factors contain latent variables. When this happens we
may try to use the conditional independencies encoded
in the graph to eliminate those latent variables and,
if we succeed, the plan would be identifiable and the
resulting formula would give the desired causal effect.
Let us demonstrate this method on the of Figure 4: Illustrating nonuniqueness of minimal ad
Figure 1. The Lk sequence 's given by L1 = {Ul} and missible sets: Z1 and z: are each minimal and admis
L2 = {Z, U2}. Substituting in the Gformula yields. sible.
satisfying (2) having no proper subset which satisfies
(2). However, since there are usually a large number
of such minimal sets (see Figure 4), the question re
Using the mains whether every choice of a minimal Zk is "safe",
graph independencies (Y I( {Z, U1) I {XI, X2, U~})G namely whether we can be sure that no choice of a
II U l l X l ) ~we
and (Uz  , get minimal subsequence 21, . . . , Zk will ever prevent us
from finding an admissible Zk+l, in case some admis
sible sequence Zf , . . . ,Z; exists.
The next result guarantees the "safety" of every min
imal subsequence Z1, . . . , Zk and, hence, provides an
effective test for Gidentifiability.
T h e o r e m 2 If there exists an admissible sequence
Zf , . . . , Z;, then for every minimally admissible subse
quence Z1,. . . , Zk1 of covariates, there is an admis
sible set Zk.
= C ~ ( ~ 1 x 1 ,z ) ~ ( z l x 1 )
z
"2,
Proof: The proof will be based on Lemmas 1 and 2
which are proved separately in Appendix 11.
which agrees with (4) under the admissible sequence
Z1 = 0 Z2 = Z . Thus, by succeeding to eliminate L e m m a 1 For any DAG G and any two disjoint sub
the U variable from the Gformula, we obtain a confir sets of nodes X and Y, let the ancestorset of (X, Y),
mation of plan identifiability together with the correct denoted A(X, Y), be the set of nodes which have a de
causal effect estimands. scendant in either X o r Y.
The elimination method above still requires some The fo/[owing two separation conditions hold for any
search and algebraic skill. In addition, when the num sets nodes w and 2:
ber of latent variables increases, the expressions tend
to become rather involved. We now return to the prob 11 XIZ, WnA(X,Y))G whenever (Y
(Y  e11 X I Z ) ~
lem of finding an admissible sequence, if one exists, (8)
thus eliminating the search altogether. I( XIW r l A(X,Y))G whenever (Y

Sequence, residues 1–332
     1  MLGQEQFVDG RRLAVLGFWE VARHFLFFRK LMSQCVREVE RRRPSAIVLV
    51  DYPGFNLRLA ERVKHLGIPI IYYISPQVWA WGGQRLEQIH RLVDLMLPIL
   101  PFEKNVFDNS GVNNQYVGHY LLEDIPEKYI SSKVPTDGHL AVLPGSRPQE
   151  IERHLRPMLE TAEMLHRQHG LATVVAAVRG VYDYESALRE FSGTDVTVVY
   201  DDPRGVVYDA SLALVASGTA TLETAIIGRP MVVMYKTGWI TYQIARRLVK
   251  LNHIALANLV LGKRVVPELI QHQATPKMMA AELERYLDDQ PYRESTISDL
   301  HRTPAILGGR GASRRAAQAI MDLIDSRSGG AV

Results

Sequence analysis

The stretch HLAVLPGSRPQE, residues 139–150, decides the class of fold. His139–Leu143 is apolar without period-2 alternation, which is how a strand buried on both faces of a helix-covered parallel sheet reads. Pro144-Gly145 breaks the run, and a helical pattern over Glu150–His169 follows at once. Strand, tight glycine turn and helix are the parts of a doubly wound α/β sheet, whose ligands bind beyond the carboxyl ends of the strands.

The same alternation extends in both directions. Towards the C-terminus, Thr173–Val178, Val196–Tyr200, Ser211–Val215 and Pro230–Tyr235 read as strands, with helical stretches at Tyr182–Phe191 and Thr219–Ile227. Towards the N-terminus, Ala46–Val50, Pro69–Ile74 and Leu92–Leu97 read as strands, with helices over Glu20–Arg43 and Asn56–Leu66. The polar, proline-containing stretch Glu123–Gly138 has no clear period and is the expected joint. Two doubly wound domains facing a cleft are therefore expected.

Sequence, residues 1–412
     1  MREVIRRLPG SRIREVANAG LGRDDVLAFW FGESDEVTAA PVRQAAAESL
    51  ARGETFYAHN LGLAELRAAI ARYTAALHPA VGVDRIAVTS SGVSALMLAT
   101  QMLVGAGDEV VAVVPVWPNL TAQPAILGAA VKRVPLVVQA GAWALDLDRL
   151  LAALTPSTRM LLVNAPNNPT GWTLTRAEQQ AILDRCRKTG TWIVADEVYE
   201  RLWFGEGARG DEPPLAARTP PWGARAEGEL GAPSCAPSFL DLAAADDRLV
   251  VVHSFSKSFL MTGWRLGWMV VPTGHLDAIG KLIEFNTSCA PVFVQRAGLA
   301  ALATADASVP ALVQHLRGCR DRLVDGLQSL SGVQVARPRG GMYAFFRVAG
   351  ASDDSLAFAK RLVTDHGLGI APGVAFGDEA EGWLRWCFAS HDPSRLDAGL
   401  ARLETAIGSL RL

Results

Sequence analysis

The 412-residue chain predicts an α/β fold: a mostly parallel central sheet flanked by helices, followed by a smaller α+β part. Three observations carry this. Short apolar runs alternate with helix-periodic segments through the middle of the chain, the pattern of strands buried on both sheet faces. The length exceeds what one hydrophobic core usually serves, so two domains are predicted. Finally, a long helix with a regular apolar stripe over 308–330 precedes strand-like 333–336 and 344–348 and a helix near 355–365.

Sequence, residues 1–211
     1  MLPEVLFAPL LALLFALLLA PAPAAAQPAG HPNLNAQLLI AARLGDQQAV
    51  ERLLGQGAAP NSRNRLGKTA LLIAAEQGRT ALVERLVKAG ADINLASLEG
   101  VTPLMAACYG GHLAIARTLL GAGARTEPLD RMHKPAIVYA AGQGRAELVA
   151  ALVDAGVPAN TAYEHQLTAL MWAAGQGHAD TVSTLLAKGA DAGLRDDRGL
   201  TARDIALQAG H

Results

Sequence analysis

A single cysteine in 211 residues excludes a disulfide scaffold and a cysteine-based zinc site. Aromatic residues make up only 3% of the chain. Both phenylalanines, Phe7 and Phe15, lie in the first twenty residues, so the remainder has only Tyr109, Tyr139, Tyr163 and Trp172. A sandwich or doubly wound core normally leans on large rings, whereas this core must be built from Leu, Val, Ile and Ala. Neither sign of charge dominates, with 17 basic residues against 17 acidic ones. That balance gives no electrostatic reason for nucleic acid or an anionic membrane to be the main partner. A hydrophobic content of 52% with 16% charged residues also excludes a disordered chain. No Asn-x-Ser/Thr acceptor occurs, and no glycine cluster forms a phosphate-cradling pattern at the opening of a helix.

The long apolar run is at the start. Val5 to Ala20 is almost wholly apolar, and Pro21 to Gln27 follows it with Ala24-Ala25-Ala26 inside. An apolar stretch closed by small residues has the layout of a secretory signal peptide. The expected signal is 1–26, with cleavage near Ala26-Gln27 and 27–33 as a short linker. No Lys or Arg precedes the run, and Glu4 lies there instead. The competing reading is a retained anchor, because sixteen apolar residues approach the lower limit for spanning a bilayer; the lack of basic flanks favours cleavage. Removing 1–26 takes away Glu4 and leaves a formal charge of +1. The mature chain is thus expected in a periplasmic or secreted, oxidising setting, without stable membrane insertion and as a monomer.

(Y  /I XIW)G
(9)
5 FINDING AN ADMISSIBLE
SEQUENCE Eq. (8) asserts that conditioning on nodes from an
ancestral set can only create, never destroy indepen
The obvious way to avoid bad choices of covariates, like dencies. Eq. (9) asserts that conditioning on all the
the one illustrated in Figure 3, is to insist on always nodes outside the ancestral set can only destroy, never
choosing a "minimal" Z k , namely, a set of covariates create independencies.
Plan Evaluation 449
Lemma 2 Denote by Gk the subgraph Gx ,T~+~ , , , , ,From
, ~ the proof of Theorem 2, it is obvious that we
4
of G , and let Ak be the ancestral set of (Xk, Y) i n Gk. need not insist on choosing minimal Z k . That re
For any j > 0, Ak is a subset of the ancestral set of quirement only insures that we do not step outside
Ak and spoil the selection of future subsets. In fact,
(Xk ,Y) i n Gk+j.
Lemma 1 guarantees that if an admissible sequence
We now prove Theorem 2 by contradiction. Suppose exists, then Wl, W2,. . . , Wn is such a sequence, where
that Z1, . . . , Zk1 is minimally admissible sequence, Wk = Ak n Nk. Accordingly, we can now rewrite The
and that no admissible set Zk exists. This means, in orem 1 in terms of an explicit sequence of covariates.
particular, that the set Zk = Ak n Nk is inadmissible,
Theorem 3 P(ylxl, . . . , 2,) is Gidentifiable if and
i.e., only if the following condition holds for every 1 5 k 5
n

11 XkIXl,...,Xkl,Wl,W2,...,Wk)~~~,y
(Y 
Now observe that no node in the sequence
2 1 , . . . , Zk1 can reside outside Ak n Nk. This is so where Wk = Ak n Nk, namely, Wk is the set of all